The wisdom of the numinous is not merely knowledge, or the attainment of experiences as if we can just collect a certain number of them required to meet the quota of membership to adeptship. Numinous experiences at their core call for the attainment of virtue in the transformation of the personality and soul. They come to haunt us with the ghost of the  greater responsibility we haven’t accepted, critiquing the self serving and self seeking activities that we still find ourselves permitting and justify in soul piercing transparency, and the value of givingness and compassion we have yet to acquire. 

The value of non-ordinary experiences is not in the mere experience, but in its ability to deliver the soul into its wisdom, to yoke it in service of its intention toward the world. Numinous experiences can exalt the world revealing its ensouled nature, bringing ecstasy and samadhi, showing us that we ourselves are part of one cosmic family, heirs to its eternal heritage, belonging to and in possession of its beauty. It can enrapture us in the spirit of divinity and touch the innocence of our hearts surfacing the unblemished purity of our innermost essence, cleansing us at once of all our guilt and fear. But it can also goad us to rise up and grow beyond a shadow that we’ve been clinging to, showing us the consequences of our errors, should they continue, and giving us the correction to our egoistic attachments long before their fruits ripen and spoil the garden. The power of the numinous to both exalt the real and correct the impure gives the distinct impression of a kind of parental figure. As if the underlying divinity of reality both loves and guides us with a profound care and deep knowledge of our innermost being. 

Many have even described the intelligence that brings us the healing and corrective force of the divine as a kind of feminine deity. As it is written, “while they were studying the Torah, (divine law), Shekinah was among them.” The intelligence of G-d’s holiness that feels us and knows us personally, loves and guides us to the goal of creation is that feminine aspect of the divine. She is the holy spirit as a divine mother principle. And like a mother, Shekinah cares about every aspect of our lives, revealing Her love in the hidden meaning of the synchronicities, dreams, revelations and blessings that transform our personalities and our lives. To be clear, I’m not suggesting an anthropomorphic view of this phenomenon is literally true, but only that it is absolutely appropriate. To have a personal relationship with the divine “other”, the “sacred thou” that is at once imminent and transcendent, moving within and above all things of this world, is to reach with one’s soul to the world beyond and pray for its goal to be made complete here.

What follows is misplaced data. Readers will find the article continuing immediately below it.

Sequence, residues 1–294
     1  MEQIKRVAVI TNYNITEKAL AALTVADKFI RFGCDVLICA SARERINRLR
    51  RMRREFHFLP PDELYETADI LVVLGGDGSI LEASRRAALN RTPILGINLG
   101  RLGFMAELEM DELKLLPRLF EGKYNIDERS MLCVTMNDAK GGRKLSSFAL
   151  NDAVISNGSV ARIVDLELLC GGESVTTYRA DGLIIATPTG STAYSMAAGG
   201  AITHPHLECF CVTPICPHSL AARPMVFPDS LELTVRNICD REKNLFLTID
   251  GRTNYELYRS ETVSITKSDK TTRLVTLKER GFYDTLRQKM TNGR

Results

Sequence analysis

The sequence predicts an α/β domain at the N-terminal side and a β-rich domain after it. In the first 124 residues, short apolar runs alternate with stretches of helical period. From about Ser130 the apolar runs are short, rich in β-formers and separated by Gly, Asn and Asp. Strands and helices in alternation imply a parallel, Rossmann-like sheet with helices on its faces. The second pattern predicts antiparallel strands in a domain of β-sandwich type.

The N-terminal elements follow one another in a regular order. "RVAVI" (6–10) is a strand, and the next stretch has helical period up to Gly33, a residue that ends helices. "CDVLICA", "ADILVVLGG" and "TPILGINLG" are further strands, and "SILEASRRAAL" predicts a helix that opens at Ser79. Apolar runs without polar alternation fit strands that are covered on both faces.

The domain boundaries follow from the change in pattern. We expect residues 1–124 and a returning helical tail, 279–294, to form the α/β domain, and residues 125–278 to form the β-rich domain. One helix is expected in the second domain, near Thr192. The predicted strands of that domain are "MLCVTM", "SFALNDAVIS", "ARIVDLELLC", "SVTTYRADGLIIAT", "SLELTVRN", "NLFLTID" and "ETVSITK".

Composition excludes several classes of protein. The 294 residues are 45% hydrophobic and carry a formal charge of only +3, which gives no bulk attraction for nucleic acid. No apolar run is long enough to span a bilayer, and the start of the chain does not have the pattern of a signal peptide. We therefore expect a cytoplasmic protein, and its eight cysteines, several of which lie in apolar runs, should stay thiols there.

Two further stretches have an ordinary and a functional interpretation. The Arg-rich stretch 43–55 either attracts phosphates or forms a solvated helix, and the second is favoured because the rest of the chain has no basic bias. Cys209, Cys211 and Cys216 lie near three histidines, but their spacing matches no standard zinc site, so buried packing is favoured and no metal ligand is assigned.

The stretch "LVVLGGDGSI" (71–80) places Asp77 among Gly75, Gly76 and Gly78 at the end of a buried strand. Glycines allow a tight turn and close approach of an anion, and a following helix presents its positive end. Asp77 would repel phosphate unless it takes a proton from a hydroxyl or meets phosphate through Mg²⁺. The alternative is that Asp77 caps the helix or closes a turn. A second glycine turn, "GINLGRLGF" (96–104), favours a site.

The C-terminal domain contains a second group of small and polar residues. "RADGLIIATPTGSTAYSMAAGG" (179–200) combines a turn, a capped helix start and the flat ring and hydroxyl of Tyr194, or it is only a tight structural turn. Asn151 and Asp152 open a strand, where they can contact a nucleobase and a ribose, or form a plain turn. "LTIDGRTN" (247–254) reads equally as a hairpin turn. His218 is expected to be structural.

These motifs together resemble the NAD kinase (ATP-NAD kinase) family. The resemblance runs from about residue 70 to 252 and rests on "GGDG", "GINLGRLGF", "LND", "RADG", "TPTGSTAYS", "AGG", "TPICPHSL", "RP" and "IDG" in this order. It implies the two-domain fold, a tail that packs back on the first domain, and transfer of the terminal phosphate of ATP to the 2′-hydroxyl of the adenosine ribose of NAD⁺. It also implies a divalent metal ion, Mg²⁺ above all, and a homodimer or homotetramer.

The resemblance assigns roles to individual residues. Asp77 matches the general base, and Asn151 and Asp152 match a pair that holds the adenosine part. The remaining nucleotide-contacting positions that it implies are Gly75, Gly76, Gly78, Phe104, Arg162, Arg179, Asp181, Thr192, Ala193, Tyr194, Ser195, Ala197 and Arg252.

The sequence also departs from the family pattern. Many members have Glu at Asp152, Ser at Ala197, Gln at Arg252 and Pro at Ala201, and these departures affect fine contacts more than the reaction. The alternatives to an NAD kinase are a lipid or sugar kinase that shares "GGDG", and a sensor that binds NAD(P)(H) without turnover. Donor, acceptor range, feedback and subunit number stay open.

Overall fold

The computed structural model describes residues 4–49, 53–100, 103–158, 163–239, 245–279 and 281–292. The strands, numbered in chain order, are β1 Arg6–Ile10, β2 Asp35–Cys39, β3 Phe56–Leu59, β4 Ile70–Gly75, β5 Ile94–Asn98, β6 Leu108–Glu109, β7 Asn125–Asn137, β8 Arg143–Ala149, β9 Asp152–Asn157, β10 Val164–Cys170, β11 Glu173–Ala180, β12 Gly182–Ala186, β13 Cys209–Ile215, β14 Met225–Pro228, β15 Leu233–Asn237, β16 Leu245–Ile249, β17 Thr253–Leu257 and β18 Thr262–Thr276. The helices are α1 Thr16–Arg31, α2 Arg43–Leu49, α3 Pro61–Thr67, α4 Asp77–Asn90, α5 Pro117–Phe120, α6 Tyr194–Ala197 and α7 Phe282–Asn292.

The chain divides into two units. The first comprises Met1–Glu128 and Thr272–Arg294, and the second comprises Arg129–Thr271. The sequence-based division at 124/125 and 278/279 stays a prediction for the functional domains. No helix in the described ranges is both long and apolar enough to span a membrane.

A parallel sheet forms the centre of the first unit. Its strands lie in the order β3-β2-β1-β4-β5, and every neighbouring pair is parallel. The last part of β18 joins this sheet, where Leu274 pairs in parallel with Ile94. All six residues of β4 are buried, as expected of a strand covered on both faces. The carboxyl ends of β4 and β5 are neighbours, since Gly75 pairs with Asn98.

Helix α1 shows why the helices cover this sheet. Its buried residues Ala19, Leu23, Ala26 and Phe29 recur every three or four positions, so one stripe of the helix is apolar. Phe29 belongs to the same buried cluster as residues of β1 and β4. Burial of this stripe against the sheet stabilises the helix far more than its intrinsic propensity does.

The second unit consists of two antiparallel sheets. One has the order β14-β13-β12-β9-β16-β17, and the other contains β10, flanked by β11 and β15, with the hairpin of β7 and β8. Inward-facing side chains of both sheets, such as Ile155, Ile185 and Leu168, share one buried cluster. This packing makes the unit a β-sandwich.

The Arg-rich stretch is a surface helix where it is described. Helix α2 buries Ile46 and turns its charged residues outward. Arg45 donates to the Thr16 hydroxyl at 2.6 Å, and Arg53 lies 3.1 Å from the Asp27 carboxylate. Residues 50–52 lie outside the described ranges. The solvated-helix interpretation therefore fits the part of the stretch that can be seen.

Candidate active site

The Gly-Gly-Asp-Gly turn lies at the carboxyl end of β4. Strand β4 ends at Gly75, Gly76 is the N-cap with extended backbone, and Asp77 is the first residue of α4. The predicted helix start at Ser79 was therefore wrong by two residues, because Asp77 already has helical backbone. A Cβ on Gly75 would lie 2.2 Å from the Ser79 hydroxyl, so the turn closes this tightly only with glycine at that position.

To apprentice ourselves to the source of numinous experiences, not only for the sake of novelty and intrigue but for Her sake and the bond we share in eternity, is to follow a path of true healing. This healing is profoundly personal where our traumas, our sense of isolation, our drudgery and our fear are redeemed in the most intimate disclosures of wisdom and love there are. Yet this healing is also transpersonal, belonging totally to the world soul –Animus Mundi– because it lifts us out of the bondage of egoism and its illusion of separation, parting the veil to the Golden World for all time. This healing for the sake of our bond belongs to the Creator who is made whole by our wholeness. This reveals the true order of the universe which was reversed in our vision, showing us that the psyche is not in our heads as it seemed, but rather we are in the psyche of the Cosmos. We are broken fragments of the universal mind, and our healing is not merely our own but in the final evaluation belongs to the ALL.